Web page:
This paper proposes a method to repurpose Amazon.com, the world's largest electronic commerce company and one of the leading product search engines, as a research engine for social and cultural analysis. So far, Amazon.com has been studied, together with other Web 2.0 platforms, as a form of online culture, and particularly participatory web culture. These forms of web culture have been celebrated by some scholars for revolutionising the way information is produced and consumed (Benkler, 2006; Jenkins, 2006, Bruns, 2010) and questioned by others in terms of the type of agency that they enable (Van Dijck, 2009) and as forms of free labour (Terranova, 2004).
Following Rogers (2009, 2013) the paper moves the study of Amazon.com beyond the examination of online culture and repurposes the platform for research into societal conditions. In The Googlization Question, and the Inculpable Engine Rogers states: We look at Google results and see society, instead of Google (2009). In an info-political critique fashion Rogers treats the search engine as a status-authoring device and its results as telling a story about the current status of a topic or issue.
It is this move to search as a research practice that we take in our study. Thus we ask: what kind of search engine is Amazon.com? How can it be repurposed to answer research questions? What are the implications of doing social analysis with Amazon?
To answer these questions we take as a case study the climate change debate and three of its main sub-issues: climate change denial or scepticism, climate change adaptation and climate change mitigation. We examine how these issues present in scientific literature on the topic are taken up in mainstream literature on Amazon and organized by the platform and its users. And most importantly, we enquire into what can this research add to the study of the climate change debate and what questions it can help us answer. To do so we think of debate trends in terms of keyword uptake and issue formatting. As used in debate mapping, keyword uptake refers to the popularity of specific terms or language in a debate. This popularity might give indications of the level of appropriation of a terminology by a group of actors and how the act of appropriation can indicate a level of commitment. With formatting we refer to how a larger issue (e.g. climate change) is organised into sub-issues or other more tangible forms (campaigns, celebrity endorsements, conspiracy theories, relevant actors).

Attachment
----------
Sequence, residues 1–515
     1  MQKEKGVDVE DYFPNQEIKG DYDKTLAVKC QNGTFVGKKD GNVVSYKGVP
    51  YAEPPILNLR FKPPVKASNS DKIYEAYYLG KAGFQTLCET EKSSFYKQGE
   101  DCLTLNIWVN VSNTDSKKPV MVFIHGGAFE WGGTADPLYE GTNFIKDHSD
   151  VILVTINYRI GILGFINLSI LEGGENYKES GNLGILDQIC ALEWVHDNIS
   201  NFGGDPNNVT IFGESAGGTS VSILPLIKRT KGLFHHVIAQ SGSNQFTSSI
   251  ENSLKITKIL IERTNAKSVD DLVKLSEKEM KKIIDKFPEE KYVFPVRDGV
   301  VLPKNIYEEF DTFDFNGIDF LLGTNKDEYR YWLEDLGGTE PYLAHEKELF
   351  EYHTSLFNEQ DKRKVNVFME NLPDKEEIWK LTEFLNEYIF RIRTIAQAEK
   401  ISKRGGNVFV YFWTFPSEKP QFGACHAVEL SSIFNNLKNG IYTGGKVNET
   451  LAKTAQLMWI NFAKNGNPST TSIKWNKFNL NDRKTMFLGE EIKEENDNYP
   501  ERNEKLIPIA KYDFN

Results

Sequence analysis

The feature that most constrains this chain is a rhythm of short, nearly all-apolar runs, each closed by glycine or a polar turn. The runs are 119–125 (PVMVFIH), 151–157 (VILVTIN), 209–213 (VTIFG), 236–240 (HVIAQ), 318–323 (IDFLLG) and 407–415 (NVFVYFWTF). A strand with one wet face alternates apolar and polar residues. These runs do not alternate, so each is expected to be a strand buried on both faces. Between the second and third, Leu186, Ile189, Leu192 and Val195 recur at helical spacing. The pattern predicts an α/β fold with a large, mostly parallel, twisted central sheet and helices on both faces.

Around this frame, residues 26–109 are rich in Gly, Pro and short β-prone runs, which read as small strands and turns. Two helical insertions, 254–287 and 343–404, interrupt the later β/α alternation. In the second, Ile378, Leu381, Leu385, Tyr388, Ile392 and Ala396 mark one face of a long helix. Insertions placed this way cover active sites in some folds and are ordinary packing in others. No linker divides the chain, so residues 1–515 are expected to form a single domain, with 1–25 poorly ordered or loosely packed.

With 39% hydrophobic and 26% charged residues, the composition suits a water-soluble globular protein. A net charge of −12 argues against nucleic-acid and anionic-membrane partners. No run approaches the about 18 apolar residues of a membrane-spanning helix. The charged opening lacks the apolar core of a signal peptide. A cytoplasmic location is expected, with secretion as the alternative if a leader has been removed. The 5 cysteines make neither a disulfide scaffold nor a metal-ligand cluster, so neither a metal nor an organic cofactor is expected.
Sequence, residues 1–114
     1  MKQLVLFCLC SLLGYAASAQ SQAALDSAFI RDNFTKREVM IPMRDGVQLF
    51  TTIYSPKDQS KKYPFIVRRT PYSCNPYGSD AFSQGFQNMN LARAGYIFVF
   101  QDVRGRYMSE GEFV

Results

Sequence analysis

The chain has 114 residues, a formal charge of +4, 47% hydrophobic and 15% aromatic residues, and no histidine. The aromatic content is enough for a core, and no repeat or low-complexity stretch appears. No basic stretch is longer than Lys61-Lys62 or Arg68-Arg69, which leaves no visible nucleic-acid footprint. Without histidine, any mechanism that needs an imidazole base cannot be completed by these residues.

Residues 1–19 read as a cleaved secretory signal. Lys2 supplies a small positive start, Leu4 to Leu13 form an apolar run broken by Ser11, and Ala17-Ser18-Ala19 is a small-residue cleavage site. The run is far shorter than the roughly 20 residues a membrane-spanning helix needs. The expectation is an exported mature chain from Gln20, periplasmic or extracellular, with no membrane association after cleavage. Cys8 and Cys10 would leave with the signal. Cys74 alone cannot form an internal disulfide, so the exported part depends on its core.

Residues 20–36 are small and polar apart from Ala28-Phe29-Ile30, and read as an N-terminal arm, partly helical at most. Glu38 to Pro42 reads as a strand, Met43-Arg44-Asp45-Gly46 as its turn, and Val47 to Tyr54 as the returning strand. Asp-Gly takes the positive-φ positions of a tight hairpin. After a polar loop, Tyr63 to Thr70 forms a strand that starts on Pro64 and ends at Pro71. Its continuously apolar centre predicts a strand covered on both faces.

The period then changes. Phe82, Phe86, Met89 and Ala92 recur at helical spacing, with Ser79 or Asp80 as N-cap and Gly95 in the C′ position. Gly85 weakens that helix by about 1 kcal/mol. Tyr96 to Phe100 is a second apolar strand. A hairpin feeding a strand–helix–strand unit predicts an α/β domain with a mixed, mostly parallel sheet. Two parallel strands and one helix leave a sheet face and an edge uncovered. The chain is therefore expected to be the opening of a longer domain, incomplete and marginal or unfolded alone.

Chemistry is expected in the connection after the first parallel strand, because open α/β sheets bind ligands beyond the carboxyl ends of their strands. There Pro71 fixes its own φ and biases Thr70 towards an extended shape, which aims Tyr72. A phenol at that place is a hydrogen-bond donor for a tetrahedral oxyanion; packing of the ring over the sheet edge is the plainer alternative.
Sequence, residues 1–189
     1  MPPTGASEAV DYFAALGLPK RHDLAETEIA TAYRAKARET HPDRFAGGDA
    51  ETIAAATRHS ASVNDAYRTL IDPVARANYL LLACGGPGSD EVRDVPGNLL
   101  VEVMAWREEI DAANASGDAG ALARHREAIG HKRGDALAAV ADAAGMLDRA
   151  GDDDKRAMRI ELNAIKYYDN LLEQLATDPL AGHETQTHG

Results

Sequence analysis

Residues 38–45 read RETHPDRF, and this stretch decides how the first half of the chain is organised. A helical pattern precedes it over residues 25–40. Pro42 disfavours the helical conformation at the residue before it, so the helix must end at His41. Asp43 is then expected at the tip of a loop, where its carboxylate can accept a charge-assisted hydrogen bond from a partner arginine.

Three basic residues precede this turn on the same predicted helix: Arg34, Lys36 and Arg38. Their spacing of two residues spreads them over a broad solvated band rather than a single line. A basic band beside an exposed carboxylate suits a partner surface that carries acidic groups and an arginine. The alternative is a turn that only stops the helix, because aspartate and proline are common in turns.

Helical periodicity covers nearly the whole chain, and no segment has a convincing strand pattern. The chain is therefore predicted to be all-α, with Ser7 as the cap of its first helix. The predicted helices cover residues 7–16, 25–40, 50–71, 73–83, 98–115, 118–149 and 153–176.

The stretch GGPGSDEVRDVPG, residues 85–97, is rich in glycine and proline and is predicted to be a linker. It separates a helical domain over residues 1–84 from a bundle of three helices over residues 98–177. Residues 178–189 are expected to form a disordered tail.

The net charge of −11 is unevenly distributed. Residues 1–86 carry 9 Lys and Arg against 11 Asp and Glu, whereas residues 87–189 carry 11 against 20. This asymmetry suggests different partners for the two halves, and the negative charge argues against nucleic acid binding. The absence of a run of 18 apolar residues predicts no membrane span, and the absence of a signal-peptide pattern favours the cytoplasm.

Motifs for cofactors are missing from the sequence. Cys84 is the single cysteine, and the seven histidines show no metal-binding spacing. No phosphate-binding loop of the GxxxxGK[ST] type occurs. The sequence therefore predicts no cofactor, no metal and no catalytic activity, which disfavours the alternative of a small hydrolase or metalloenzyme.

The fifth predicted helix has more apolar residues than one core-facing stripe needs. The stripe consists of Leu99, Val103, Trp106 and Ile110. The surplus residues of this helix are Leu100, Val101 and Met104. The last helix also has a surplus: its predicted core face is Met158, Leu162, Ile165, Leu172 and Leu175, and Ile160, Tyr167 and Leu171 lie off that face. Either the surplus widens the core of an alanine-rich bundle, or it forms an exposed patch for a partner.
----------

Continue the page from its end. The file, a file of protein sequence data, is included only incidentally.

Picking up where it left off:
To operationalize the research questions we follow the medium and turn to the platform. One of the features that made Amazon widely popular is its recommendation system. Products are suggested to users based on features such as keyword autocomplete while typing a query, and the resulting list of books. The list of books is generated based on a combination of metrics such as sales rank, user reviews and item-to-item recommendation algorithm. Recommendation shapes the overall experience of both searching and purchasing on Amazon. This aspect of recommendation is also what we wish to integrate into our research and methods.